Leaders of the four parties have hailed the deal as historic to end the deadlock and many feel that the compromise is probably the best that could be asked for to ensure political stability for reconstruction. Yet, the deal fell short of a breakthrough. Leaving such key issues, as the demarcation of the provinces, unaddressed, it appears to do more with the shared personal interests of the political leaders under the pretext of the earthquake.

Shared Political Interests

Altered national priorities for effective post-disaster response aside, the driving force behind the swift deal appears to be UML Chair KP Oli’s impatience to become Prime Minister while he saw that the earthquake provided the best opportunity to push for the new constitution without having to give up his stance against identity-based federalism. Oli will likely become the PM in the new government as per the NC-UML pact, which formed the current government only until the promulgation of the new constitution. As the CA essentially decided not to settle one of the most contentious issues i.e. the demarcation of the provinces, Oli had it all with the Monday deal. He, along with his party, has firmly been against identity-based federalism and pushed to decide on such disputes by voting. The decision the parties were unable to make now very well seems to be left for voting through the Legislature-Parliament after the new constitution is promulgated.

Oli’s impatience converged with the opposition leaders’ ambition to get access to state power again. While observers claim the Maoist Chief Prachanda wants such access to bury the fears of reported corruption and other cases against him, his deputy Baburam Bhattarai is reportedly keen on leading a powerful reconstruction agency of the government. This is behind the Maoists’ fatigue with the prolonged dispute on federalism that even threatened the agreement on republicanism and secularism, with extremist forces gaining strength. The lack of public interest in politics following the quake would have only worsened the Maoists’ chances to keep the protests going to demand federalism. While the earthquake has proved the central government’s ineffectiveness to carry out post-disaster response in remote areas, which benefitted the idea of federalism, the Maoists, in unfavorable balance of power, failed to use the opportunity to push the agenda of identity-based federalism but adversely stepped back on their insistence on such federalism in a ‘something is better than nothing’ political environment.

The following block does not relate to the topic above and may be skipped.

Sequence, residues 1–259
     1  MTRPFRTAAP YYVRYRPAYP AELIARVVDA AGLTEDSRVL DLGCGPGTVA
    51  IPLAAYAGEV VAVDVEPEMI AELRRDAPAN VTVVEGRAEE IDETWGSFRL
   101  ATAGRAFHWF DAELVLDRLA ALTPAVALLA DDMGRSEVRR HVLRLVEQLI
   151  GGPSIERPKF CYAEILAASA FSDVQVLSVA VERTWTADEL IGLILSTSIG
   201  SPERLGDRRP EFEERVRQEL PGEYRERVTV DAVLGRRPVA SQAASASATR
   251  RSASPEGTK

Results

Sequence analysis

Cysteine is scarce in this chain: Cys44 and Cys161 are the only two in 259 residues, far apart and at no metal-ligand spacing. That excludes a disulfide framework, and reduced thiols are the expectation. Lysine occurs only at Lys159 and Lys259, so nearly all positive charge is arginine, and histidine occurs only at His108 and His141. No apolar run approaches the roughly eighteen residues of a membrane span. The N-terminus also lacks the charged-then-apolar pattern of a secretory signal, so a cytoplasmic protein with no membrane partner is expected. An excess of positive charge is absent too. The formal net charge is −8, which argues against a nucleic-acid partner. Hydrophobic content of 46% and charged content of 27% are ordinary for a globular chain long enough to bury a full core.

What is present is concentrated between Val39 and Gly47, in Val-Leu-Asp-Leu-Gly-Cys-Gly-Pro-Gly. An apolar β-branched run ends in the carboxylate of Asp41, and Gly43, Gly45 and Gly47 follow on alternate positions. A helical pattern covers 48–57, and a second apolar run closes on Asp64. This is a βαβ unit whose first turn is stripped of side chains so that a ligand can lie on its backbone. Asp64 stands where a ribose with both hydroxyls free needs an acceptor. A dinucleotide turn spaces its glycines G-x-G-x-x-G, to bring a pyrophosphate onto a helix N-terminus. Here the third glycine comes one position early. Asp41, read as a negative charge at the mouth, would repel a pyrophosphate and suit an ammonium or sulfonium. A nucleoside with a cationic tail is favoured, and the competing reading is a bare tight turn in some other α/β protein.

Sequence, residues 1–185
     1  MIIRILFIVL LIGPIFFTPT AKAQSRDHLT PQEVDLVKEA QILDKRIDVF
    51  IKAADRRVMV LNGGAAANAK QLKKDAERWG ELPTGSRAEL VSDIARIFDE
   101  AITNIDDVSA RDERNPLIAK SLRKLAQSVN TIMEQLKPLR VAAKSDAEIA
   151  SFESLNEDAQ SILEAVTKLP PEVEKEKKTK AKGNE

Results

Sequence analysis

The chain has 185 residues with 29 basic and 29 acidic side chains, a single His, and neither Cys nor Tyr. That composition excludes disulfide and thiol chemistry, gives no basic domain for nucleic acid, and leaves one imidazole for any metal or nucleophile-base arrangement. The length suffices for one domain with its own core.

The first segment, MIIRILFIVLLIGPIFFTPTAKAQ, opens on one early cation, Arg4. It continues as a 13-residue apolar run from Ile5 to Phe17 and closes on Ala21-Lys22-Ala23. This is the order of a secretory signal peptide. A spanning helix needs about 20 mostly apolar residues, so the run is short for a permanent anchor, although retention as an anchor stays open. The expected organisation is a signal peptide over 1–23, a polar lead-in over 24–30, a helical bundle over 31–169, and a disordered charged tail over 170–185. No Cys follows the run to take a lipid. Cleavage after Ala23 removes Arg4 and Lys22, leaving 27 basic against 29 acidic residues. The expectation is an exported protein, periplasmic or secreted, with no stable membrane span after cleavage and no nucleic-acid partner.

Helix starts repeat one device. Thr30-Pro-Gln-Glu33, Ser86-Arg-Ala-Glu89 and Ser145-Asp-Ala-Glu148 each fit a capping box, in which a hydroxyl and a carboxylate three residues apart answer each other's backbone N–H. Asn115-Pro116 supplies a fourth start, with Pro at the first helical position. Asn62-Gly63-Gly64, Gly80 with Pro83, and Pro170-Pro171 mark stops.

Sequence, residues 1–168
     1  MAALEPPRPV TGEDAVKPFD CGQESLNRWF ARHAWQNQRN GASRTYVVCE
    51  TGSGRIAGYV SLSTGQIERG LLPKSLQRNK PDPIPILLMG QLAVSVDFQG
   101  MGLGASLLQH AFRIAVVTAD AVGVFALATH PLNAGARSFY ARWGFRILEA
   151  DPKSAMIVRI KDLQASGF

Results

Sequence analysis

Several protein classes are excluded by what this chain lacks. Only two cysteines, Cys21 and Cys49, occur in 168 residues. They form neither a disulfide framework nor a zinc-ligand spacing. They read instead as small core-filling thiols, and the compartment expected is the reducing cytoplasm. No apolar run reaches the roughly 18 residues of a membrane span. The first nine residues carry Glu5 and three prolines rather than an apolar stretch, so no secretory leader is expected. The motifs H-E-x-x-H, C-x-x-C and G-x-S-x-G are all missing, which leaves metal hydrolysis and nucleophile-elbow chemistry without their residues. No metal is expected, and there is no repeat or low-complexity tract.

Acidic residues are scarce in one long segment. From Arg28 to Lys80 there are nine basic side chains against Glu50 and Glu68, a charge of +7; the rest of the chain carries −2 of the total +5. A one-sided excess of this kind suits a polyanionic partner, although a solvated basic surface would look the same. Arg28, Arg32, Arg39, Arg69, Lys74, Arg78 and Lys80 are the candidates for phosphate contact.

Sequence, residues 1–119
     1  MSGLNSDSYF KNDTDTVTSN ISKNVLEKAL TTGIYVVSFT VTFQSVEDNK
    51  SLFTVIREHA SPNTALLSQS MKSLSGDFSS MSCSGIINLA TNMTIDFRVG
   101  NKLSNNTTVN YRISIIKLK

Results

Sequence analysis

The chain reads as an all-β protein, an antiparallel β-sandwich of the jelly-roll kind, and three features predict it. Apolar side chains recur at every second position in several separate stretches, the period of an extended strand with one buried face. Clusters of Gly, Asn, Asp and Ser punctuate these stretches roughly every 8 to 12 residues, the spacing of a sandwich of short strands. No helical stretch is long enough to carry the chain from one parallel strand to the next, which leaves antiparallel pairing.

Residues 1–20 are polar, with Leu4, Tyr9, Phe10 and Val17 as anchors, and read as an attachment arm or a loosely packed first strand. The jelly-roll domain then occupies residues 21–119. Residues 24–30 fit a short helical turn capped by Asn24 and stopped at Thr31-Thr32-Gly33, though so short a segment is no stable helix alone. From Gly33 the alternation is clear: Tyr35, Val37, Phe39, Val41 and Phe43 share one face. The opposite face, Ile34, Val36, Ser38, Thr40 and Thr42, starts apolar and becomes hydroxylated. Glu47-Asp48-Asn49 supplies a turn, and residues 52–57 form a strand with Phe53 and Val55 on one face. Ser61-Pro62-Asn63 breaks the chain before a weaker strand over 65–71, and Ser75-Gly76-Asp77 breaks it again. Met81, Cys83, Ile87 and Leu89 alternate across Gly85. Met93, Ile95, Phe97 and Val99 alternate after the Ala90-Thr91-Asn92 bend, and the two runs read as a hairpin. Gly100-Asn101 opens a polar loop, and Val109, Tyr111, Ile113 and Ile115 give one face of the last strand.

At the same time, MPRF-D leader Gachhadar is known to aspire to be in the government to increase his political power and to compensate for his late entry into the Madhesi movement, which achieved the inclusion of the notion of federalism in the Interim Constitution. Reports emerged instantly on the political deal behind the 16-point agreement, speculating that Maoist and MPRF-D leaders are to get key portfolios in the new government, with the new President coming from among the Maoists as well.

On the other end of the spectrum, the deal will establish the political legacy of the Nepali Congress and PM Sushil Koirala. The constitution being finalized under his leadership will strengthen his position in the upcoming party convention, where he might run for party presidency again as well as increase significantly the party’s chances in the forthcoming local elections.

Nonetheless, with the talks on new government gaining ground, many are skeptical how it will be any different from the current government in leading the post-disaster recovery with the same old political and state institutions.

Key Constitutional Issues Unaddressed

Monday’s deal has paved the way for a ‘super fast-track’ constitution writing process and leaders plan to make a draft constitution public as early as mid-July. However, the deal that puts an end to a long-delayed process might merely mean a deferral in terms of substance – leaving the central constitutional dispute on federalism unresolved. The parties have agreed to identity and capability as the basis of the federal structure, as established by the State Restructuring Committee of the earlier CA and the subsequent commission. However, how the parties arrived at the number of provinces without deciding on the boundaries has puzzled many.